, ) ' 1 Kings 4. 31. 0787502 M. But the being cursed cannot be considered as a property either of the mind or body, particularly if we reflect that the word 7978 arur, if literally rendered, signifies, be execrated, that is, be ejected from the whole ; and even if we were to allow, that the being ejected, or separated from the whole were a property, such a property could not be said to be capable either of increase or decrease. The word 7978 arur, is the participium præteritum passivum of the root 1778,

רור or ריר but doubtless this root itself is derived from the root

to spit, thus we find Lev. 15. 3. 121 DN 102 77 his flesh spit out its fur: and thus we find 7 yy where the x is changed into y, according to the custom of the Hebrew language, letters of the same organ being often interchanged. This word signifies also to evacuate, to pour out. To this root also the word ngewy seems to belong, which signifies childless, or standing alone, separated, ejected from the natural rules, by which one produces and leaves his resemblance after death. The middle clause of Gen. 3. 14. before quoted, should be rendered thus: Thou art ejected from all cattle, and from every beast of the field. ¿ Another proof, that the translators of the English Bible did not always consider the connexion of one part of Scripture with another, will be found in their translation of Gen. 49. 6. This

: ) 7097py, and it is rendered in the English version thus: "for in their anger they slevo a man, and in their self-will they digged DOWN A WALL.' Every one, who is acquainted with the historical part of the Pentateuch, knows, that the indignation of Jacob against his two sons Simeon and Levi was caused by their cruelty to Sechem and Chamor, and to their brother Joseph. He says, therefore, in the first clause of the 7th verse, Erecrated be their anger, for it is violent, and their wrath,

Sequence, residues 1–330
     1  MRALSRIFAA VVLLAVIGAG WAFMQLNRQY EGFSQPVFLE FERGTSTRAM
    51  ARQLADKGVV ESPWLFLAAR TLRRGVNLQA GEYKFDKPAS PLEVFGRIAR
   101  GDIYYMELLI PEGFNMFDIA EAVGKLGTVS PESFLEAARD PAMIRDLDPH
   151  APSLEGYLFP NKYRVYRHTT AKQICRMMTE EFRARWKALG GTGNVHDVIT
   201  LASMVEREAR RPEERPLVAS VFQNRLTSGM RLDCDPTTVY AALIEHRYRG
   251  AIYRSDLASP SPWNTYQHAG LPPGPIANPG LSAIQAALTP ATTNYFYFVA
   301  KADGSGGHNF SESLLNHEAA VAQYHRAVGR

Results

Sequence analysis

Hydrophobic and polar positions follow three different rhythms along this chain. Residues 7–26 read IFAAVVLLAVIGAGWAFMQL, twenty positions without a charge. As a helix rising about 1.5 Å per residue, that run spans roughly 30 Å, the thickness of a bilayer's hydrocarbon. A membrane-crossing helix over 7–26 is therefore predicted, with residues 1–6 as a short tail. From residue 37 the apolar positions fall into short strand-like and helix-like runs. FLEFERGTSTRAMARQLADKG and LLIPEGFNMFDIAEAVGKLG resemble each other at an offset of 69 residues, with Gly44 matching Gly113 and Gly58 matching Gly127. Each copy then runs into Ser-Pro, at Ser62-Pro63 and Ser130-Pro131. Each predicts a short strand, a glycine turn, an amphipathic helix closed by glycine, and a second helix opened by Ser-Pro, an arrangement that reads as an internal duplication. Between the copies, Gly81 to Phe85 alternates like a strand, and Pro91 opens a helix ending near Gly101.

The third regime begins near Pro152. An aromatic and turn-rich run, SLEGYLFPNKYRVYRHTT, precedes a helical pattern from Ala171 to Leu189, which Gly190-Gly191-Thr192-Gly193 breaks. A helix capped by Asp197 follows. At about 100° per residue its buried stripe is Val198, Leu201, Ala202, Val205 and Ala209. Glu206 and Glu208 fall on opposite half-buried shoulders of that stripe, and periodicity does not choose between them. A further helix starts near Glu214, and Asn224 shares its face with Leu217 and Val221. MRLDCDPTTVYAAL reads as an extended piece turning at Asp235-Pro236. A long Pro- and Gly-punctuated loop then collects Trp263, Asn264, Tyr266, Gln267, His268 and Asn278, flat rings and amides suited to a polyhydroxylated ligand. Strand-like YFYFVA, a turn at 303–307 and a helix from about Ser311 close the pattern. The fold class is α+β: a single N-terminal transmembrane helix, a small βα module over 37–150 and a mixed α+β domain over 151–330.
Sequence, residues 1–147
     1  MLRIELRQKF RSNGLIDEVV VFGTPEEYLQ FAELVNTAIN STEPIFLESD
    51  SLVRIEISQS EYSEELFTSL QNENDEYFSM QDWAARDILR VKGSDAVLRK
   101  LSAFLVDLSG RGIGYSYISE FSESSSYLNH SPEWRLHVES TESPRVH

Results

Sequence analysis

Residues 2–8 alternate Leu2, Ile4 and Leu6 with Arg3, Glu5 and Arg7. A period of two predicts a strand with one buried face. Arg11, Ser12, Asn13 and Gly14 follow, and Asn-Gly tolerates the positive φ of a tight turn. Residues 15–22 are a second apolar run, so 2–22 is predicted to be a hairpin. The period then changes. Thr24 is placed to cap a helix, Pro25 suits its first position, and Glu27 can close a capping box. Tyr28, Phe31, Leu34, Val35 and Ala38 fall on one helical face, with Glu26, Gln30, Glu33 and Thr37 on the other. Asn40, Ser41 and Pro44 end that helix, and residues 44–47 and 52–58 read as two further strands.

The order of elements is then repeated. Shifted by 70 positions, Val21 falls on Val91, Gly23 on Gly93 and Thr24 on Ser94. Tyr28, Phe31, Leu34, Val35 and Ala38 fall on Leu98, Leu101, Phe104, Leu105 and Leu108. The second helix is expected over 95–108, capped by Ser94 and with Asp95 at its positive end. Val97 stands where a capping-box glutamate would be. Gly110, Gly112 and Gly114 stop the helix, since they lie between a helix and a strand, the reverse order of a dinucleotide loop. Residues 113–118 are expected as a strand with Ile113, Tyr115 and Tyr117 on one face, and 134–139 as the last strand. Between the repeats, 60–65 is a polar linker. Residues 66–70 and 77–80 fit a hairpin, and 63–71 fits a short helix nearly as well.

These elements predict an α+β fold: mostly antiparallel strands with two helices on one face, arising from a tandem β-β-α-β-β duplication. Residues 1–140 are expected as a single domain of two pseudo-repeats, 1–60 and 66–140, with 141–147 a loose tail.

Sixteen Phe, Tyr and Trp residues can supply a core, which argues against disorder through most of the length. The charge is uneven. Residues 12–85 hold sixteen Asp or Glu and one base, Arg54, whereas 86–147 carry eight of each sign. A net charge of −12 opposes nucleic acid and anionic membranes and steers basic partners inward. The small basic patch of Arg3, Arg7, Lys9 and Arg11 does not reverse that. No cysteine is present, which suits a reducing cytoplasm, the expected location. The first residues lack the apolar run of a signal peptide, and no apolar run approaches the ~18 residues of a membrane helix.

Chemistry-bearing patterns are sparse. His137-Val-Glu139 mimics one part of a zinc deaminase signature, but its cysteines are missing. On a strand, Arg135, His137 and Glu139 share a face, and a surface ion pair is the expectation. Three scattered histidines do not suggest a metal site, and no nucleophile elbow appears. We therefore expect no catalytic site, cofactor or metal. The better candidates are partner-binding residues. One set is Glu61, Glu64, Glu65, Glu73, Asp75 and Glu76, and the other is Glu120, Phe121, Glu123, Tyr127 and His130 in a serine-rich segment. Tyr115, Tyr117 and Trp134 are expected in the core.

כי באפם הרגו איש וברצנם :passage in Hebrew is read_thus

because it is cruel: the former part alludes to their violence to Sechem and Chamor, and the latter to their cruelty to Joseph. In like manner the former part of the latter clause of the 6th verse alludes to their treatment of Sechem and Chamor, and the latter part to their cruelty to Joseph. But how can Joseph be compared to a wall? and what meaning is there in the expression, they digged down a wall?" the Hebrew term, reudered in the English Bible digged down, is 17py from 7py to eradicate, to enervate; and if the translators had reflected that Joseph was compared by Moses in his blessing, Deut. 33. 17. to a bullock, (probably considering his two sons, each of whom became a separate, mighty, and powerful tribe, as the two horns of a bullock) they would not have read 70 a wall, but Tivi a bullock. This part of the clause should be rendered thus : in their self-will they enervated a bullock.